Another design improvement: the camera module. Samsung was rated for the large, unsightly camera module on last year's phone, which protruded noticeably. The camera profile is much slimmer on the GS7 and GS7 Edge, which is a good thing. The combo flash/heartrate sensor is situated just to the right of the camera.

The Galaxy S7 has a 5.1-inch quad HD screen and is the smaller of the two phones. It is about the same size as last year's GS6. I found it to be slim and comfortable to hold and use. It is very thin and light. The screen looks amazing, with an incredible pixel density. Samsung's AMOLED screens have always been impressive. It's quite an impressive phone and should resonate well with people who prefer "regular" phones.

Galaxy S7  

The S7 Edge has a larger 5.5-inch quad HD screen, and the footprint is noticeably larger than that of the GS7. It is closer in size to the GS6 Edge+ from last year, and ostensibly replaces that device in Samsung's lineup. The GS7 Edge has the signature curved glass on both sides and specialized content that is accessible from those edges. Samsung did a great job updating the Edge apps and content. It is must easier to access, customize, and interact with. The down side is that it is no longer subtle; the Edge Screen apps consume a larger portion of the home screen and are thus rather in-your-face. Samsung did a really good job with the hand feel of the phone. The side edge is no longer as sharp, which makes the phone far more comfortable to hold and use. I was pleased with the overall experience with the phone. It is more for the phablet lovers in the crowd.

Galaxy S7 edge  

Both handsets run Android 6.0 Marshmallow with Samsung's user interface tweaks on board. Samsung did not once say "TouchWiz" during its presentation, so it is hard to say if that branding has been retired. The icons, fonts, and general appearance of the UI is similar to the GS6. In fact, it looks very close to that of the Galaxy J3, which Phone Scoop just recently reviewed. This is especially true with the camera app, which is more or less lifted directly from Samsung's older handsets. The camera itself drops from 16 megapixels to 12 megapixels, but Samsung claims the pixels are much larger for better low-light performance. For the record, this strategy never worked for HTC and its "ultra pixels" — so color me dubious for now. Samsung claims the phone focuses in fractions of a second, and the f/1.7 aperture should help a bit in darker environments.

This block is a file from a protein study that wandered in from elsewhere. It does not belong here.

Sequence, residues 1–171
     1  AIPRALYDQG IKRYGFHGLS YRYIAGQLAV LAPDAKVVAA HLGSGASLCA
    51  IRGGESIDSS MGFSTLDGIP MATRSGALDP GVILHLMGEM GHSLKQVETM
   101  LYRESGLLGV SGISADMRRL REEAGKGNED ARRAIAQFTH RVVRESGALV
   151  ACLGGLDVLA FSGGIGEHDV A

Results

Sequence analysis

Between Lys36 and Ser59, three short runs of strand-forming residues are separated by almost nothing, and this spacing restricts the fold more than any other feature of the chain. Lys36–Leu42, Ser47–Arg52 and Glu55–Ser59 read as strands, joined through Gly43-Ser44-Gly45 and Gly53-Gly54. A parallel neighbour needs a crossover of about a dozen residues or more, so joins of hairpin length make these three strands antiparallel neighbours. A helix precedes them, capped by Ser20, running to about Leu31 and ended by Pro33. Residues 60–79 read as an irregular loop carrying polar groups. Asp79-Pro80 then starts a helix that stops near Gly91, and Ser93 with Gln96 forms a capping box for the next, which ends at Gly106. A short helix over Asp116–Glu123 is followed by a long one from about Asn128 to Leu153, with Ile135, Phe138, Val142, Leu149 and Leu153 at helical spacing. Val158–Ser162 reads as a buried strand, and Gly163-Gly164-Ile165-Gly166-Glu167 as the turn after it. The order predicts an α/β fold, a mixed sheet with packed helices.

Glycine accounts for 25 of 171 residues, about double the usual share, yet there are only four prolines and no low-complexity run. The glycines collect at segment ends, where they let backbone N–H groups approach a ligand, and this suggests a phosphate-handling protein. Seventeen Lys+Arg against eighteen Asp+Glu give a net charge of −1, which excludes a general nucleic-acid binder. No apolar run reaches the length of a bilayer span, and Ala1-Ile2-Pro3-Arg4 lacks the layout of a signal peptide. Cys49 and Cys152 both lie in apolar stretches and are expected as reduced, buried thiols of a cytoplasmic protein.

The phones both performed well during the few moments we spent with them. The software behaved and I didn't see any funky crashes or other issues. They were very quick, that's to be sure.

Samsung pulled an Apple, as far as I am concerned. The Galaxy S7 is to the Galaxy S6 just as the iPhone 6s is to the iPhone 6. Samsung took a respectable piece of hardware and pushed it to the edge. The GS7 and GS7 Edge are clearly improvements over Samsung's older phones, but we won't know how much better until we review them in full. Expect to see more about the Galaxy S7 and Galaxy S7 Edge from Phone Scoop in the weeks ahead.

About the author, Eric M. Zeman:

Eric has been covering the mobile telecommunications industry for 17 years at various print and online publications. He studied at Rutgers Newark and University of Kentucky, and has a degree in writing. He likes playing guitar, attending concerts, listening to music, and driving sports cars.